Sign up for our daily Newsletter and stay up to date with all the latest news!

Subscribe I am already a subscriber

You are using software which is blocking our advertisements (adblocker).

As we provide the news for free, we are relying on revenues from our banners. So please disable your adblocker and reload the page to continue using this site.

Click here for a guide on disabling your adblocker.

Sign up for our daily Newsletter and stay up to date with all the latest news!

Subscribe I am already a subscriber

“Vertical farming has proven itself capable of being the future of food”

"We take a holistic view of sustainability, delivering infrastructure solutions to some of the biggest environmental and social challenges we face; vertical farming is one of them," he explains. "As MD of the Sustainable Infrastructure division at Gresham House, I oversee a team that is scaling innovative real asset platforms. Our investment principle is that impact drives returns, meaning each of our platforms addresses a key sustainability challenge – from habitat banks delivering biodiversity net gain to vertical farms transforming our food system," says Peter Bachmann, managing director of sustainable infrastructure at Gresham House, an £8.5bn specialist sustainable asset manager with offices in the UK, Ireland, and Australia.

Many of the characteristics of vertical farming make it a perfect space for Peter and Gresham House to leverage their sustainability credentials. Peter highlights vertical farming's ability to utilize renewable energy sources to provide extra support for long-term sustainability goals.

"Vertical farming has proven it can offer meaningful solutions to some of the agricultural industries' biggest obstacles," he points out. "Think of labor shortages, overuse of land, the damage caused by pesticides, and water use challenges." He goes on to comment, "Vertical farming is up to 1,900 times better from a carbon perspective than long-haul imported field-grown crops, but yet at the same price!"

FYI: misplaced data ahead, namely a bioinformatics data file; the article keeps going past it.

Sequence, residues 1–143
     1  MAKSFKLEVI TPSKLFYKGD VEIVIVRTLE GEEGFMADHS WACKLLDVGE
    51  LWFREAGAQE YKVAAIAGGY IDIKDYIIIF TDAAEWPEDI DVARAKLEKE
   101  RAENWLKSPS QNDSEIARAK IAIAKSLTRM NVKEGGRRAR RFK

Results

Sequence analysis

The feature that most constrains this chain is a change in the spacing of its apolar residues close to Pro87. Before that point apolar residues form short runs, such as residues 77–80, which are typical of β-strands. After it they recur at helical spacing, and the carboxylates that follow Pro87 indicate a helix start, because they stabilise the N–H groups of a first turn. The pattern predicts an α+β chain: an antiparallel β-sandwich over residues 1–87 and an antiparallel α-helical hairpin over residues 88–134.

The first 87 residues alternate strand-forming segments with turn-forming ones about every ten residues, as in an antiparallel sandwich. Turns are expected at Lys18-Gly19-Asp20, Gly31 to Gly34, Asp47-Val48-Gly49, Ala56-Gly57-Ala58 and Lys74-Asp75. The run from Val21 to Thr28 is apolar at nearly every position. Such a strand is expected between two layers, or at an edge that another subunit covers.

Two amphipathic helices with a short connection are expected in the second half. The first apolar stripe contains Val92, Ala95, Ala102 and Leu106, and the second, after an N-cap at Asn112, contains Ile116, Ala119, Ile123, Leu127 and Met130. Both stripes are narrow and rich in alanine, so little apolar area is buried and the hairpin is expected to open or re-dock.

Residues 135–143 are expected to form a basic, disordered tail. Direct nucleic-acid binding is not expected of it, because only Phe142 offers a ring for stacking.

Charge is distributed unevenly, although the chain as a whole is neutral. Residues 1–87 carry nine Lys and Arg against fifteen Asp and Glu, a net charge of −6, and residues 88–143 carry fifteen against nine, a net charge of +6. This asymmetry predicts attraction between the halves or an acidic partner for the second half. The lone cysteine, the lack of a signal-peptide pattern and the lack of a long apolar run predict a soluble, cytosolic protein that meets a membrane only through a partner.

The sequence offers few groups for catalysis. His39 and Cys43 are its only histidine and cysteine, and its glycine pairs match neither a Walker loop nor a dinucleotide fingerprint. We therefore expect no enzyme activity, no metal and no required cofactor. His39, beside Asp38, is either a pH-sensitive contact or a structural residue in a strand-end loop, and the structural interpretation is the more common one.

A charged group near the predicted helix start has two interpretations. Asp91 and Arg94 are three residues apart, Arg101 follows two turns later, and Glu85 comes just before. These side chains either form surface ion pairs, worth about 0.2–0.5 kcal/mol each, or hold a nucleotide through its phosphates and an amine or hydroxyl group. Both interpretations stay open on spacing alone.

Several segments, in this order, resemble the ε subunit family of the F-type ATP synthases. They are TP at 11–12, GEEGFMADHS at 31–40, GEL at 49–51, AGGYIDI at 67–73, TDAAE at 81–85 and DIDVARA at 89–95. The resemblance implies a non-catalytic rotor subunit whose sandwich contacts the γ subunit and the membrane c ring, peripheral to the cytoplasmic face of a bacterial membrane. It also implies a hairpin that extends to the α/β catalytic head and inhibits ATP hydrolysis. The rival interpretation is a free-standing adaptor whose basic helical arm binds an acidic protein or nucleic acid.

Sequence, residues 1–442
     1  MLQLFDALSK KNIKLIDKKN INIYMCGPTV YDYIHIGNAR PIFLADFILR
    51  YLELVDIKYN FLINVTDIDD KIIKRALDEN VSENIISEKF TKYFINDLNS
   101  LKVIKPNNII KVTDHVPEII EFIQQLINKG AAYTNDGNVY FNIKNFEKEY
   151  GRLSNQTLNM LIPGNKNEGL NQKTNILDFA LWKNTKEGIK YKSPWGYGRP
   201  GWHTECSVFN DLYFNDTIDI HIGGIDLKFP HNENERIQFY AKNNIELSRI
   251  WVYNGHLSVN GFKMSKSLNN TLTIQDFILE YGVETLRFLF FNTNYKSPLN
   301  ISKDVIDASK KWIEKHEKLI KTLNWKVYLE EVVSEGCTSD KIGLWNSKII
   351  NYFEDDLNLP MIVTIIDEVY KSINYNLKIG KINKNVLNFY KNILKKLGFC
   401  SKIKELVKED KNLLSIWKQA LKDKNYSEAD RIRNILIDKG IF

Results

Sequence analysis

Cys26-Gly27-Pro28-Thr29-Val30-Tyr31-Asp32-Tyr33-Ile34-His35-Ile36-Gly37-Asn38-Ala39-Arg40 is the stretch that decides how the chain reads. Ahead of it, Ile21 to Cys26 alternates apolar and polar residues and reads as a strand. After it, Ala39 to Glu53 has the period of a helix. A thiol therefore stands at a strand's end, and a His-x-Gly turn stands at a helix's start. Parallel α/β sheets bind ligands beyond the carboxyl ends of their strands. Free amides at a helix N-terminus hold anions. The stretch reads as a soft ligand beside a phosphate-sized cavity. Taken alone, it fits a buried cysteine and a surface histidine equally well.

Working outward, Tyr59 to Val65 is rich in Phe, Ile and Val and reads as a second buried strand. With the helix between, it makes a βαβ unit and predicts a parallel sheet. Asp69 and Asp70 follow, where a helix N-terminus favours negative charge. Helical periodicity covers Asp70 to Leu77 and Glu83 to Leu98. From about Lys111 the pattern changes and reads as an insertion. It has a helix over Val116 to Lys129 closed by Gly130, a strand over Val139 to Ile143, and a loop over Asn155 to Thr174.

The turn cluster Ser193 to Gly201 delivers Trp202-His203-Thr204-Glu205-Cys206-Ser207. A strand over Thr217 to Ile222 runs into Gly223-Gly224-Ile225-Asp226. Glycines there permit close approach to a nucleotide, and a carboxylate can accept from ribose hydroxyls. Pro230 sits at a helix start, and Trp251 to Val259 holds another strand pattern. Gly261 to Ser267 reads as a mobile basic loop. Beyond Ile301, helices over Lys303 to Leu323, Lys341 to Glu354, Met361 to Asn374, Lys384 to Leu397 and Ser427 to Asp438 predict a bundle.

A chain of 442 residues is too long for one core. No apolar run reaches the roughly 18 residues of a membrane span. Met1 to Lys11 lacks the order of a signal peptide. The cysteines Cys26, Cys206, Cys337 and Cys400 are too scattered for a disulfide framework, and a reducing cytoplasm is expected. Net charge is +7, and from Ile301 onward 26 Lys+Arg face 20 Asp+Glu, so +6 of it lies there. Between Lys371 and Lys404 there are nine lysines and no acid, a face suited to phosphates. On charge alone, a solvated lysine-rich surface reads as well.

Vertical farming businesses must now deliver on those promises. "It's vital that we continue to strive to raise people's awareness of the environmental and health benefits that indoor agriculture can provide by using substantially less of our finite resources in controlled environments."

Energy costs will decrease
However, Peter also acknowledges the main pain points of the vertical farming space, namely energy. "Energy accounts for up to 40% of the input costs of a vertical farming operation," he says. "That said, this is a challenge that can be quickly overcome with renewable energy, which is becoming much cheaper each year. Solar power, in particular, has seen a dramatic reduction in price over the years. Combining that trend with the advancements we're seeing in vertical farming technology bodes well for the industry in terms of both competitiveness and sustainability."

Increasing shelf life
Of course, there's more to vertical farming than just energy and resource efficiency. "The shelf life of produce from 'traditional' farms is simply no match for vertically farmed produce," he says. "We had some rocket from Fischer Farms at the office that was still edible after 5 months, for example."

"Vertical farming has the potential to transform the food waste landscape – that's a huge step forward from an environmental and social sustainability point of view."

That's one of the main reasons why supermarket chains and retailers are showing growing interest in vertical farm-grown produce. "Supermarkets want products that are cost-effective with predictable expiry dates, and our products offer that. Its impact on food security and environmental benefits is also gathering more attention from the industry." After all, vertical farming can consistently produce the same quality and quantity of greens at a given time, allowing retailers to better plan their stock takes and pricing merchandising. This consistency offers mutual benefit in the food market.

"Growers appreciate price stability, which is one of the biggest issues for food producers at the moment. But if retailers can offer fixed-price contracts, then you reduce the volatility of prices and eliminate a lot of the uncertainty we're seeing in markets at the moment."

Local is a key benefit
Despite the current challenges, Peter looks at the future of vertical farming with hope – at least in the UK and the EU. "Consumers are increasingly realising the superiority of locally sourced food," he remarks. "The vertical farming space has the potential to address the ever-present challenges in delivering secure, affordable, and environmentally friendly food. To deliver this, we need to continue to innovate and collaborate across the sector to realize its potential and ultimately transform our food system for the better."

"Here at Gresham House, we are hugely excited by verta ical farming andthatworking to enable this nascent industry to deliver positive impact which drives strong financial returns for our investors."

For more information:
Gresham House
Peter Bachmann, Managing Director of Sustainable Infrastructure